The I Am Curious set has been sitting in the "next" position in my queue for a while, having come up in the sequential numbering of my personal viewing (in other words, the first 178 down with no gaps) after I covered My Life as a Dog fifteen months ago. It came to mind again after my review of In the Realm of the Senses, this movie's scandalous reputation seeming to make it a good match for Oshima's porno. I particularly considered it as a good choice after some of the mail I got regarding my opinions about Senses, partially because I expected I Am Curious to be another tempest in a teapot. My personal prudishness and my belief that it would be boring, that age would have rotted its teeth, were the main reasons I kept working around it, and maybe it was time to confront that head on.
So, I start here with the first in the set, I Am Curious - Yellow.
Swedish director Vilgot Sjöman's 1967 film is infamous for the protracted legal battle that its American distributor undertook in order to exhibit the picture, using I Am Curious - Yellow as his bludgeon to whack at U.S. obscenity laws. His crusade failed, then it succeeded on appeal, and then he pushed it too far and got close to a draw, but ultimately lost, and the result is that I Am Curious remained contraband. It's a film known more for its reputation than its content, and watching it now forty years on, the explicitness is incredibly tame (particularly compared to the smut of Oshima). The sex scenes comprise only a small part of the running time, and the details we see are far from gynecological. I Am Curious - Yellow isn't even about sex, it's about so much more, and the what sex there is serves a purpose. The long-dead controversy has done Sjöman's work quite a disservice.
I Am Curious - Yellow is a fun, adventurous film, the Swedish extension of the French new wave, a self-reflexive slice of agitprop that would rest comfortably on a shelf next to Godard's La Chinoise in the way it satirizes trendy young idealists while also giving tribute to their marvelously misguided ideals. The focus of Sjöman's movie is Lena, a girl of 22 playing herself between the blurred lines of fact and fiction. I am sure the question of how much of I Am Curious - Yellow was documentary added to its shock value. Sjöman appears as himself making the film, and though some of the early shots are obviously staged, they are quickly offset by clips of Lena taking to the streets and interviewing her fellow citizens about the class system in Sweden. When Sjöman unceremoniously slips from this to scenes of narrative fiction, the change is imperceptible. It's only later when the film crew returns that we have cause to question what we have been seeing, when we finally see the jealous director choreographing Lena's life and demanding she redo some of her lines.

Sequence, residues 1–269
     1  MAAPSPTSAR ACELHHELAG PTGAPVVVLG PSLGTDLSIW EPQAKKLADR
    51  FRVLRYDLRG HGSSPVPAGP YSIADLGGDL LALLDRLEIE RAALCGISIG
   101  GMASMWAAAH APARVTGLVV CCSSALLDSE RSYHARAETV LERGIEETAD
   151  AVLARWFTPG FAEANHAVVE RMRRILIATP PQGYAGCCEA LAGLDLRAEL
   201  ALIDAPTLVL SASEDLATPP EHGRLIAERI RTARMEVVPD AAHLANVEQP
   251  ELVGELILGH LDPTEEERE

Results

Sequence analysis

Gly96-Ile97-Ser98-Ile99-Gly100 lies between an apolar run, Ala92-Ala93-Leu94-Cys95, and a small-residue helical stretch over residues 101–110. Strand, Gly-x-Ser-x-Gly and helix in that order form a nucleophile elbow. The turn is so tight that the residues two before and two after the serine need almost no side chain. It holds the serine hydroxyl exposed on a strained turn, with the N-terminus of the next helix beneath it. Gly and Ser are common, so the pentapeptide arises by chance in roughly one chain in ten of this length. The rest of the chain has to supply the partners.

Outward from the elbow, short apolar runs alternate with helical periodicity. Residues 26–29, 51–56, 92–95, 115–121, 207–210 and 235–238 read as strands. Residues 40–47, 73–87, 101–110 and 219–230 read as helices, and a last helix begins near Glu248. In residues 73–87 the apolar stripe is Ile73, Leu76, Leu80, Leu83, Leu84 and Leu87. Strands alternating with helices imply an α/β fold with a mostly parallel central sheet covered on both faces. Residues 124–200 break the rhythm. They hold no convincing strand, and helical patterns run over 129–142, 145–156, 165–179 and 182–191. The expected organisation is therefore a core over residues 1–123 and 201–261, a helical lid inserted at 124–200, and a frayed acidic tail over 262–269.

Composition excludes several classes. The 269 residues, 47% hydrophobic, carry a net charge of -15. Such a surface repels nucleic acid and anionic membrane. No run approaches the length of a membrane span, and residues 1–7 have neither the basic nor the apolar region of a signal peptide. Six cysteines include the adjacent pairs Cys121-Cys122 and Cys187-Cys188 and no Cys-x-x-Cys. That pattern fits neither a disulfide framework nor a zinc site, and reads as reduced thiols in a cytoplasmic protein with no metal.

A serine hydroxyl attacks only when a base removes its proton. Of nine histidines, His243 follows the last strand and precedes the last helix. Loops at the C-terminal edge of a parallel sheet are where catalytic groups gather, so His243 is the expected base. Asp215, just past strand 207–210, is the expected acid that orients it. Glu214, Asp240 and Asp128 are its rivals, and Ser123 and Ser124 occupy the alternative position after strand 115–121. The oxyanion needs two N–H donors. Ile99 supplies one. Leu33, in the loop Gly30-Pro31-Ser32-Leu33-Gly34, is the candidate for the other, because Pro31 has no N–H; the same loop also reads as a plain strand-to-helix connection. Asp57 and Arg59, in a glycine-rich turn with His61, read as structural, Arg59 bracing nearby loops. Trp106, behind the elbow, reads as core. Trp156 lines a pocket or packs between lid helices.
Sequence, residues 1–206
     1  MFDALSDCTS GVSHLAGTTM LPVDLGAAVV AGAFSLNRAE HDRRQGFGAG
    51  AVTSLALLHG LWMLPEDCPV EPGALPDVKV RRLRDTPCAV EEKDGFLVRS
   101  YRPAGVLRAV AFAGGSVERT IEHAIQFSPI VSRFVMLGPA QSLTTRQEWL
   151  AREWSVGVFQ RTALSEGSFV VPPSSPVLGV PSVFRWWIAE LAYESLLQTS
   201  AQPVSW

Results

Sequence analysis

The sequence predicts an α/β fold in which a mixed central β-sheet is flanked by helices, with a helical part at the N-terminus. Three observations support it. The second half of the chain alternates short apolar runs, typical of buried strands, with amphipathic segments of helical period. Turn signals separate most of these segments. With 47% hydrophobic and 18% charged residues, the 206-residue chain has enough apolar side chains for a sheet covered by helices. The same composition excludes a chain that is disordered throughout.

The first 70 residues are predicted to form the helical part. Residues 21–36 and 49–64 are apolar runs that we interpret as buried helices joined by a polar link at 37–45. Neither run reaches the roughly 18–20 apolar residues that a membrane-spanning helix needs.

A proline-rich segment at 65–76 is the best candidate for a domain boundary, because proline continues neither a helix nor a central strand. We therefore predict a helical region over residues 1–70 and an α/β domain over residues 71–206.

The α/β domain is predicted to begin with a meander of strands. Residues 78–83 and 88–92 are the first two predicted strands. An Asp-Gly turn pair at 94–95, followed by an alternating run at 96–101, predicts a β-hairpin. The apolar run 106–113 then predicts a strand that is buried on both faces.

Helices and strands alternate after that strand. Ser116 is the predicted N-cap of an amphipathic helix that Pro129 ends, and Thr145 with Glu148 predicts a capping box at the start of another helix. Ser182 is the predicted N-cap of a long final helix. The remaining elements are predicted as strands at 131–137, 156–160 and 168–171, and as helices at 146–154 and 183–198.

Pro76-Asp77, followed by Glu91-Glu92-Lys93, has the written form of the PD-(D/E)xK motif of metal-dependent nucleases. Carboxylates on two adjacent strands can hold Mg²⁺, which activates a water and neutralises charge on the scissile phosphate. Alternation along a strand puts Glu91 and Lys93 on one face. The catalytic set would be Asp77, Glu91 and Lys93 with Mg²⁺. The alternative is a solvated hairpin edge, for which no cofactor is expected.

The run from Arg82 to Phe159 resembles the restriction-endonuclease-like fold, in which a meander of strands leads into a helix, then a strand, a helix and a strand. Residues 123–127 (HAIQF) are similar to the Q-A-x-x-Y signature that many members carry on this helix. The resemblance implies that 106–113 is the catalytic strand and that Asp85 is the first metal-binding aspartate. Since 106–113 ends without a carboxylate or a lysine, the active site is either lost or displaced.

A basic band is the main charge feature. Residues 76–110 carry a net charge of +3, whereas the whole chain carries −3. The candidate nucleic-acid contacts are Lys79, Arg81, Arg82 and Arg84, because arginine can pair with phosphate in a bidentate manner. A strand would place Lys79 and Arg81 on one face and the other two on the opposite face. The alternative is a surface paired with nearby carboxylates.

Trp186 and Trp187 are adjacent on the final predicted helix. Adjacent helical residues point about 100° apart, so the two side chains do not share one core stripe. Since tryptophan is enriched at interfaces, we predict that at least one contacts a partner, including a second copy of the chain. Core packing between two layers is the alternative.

Sjöman constructs his film by balancing it between various conflicting ideals, not just fact and fiction. There is the argument of class, the haves and the have-nots, the young and the old, conservative and liberal--there is even an implicit disparity between director and star. One scene has them questioning who is using the other more. Is it Sjöman for wanting Lena to star in his film and share his bed, or is it Lena for using her sexual wiles to get the lead? It's an interpersonal clash, and also one between art and commerce that brings to mind the similar portrayal of a young woman in a money-oriented world in Steven Soderbergh's latest, The Girlfriend Experience. This dynamic is also mirrored in the lover Lena eventually takes. Depending on what point of the story we are in, Börje Ahlstedt either works in men's wear retail, sells cars, or is the last crown prince of Sweden. A divergent scene shows he and Lena ushering his father out of the castle, putting an end to the monarchy. Leading up to this, they have public sex in front of the royal palace as a barely adult guard watches. The commentary is clear. Such disrespect!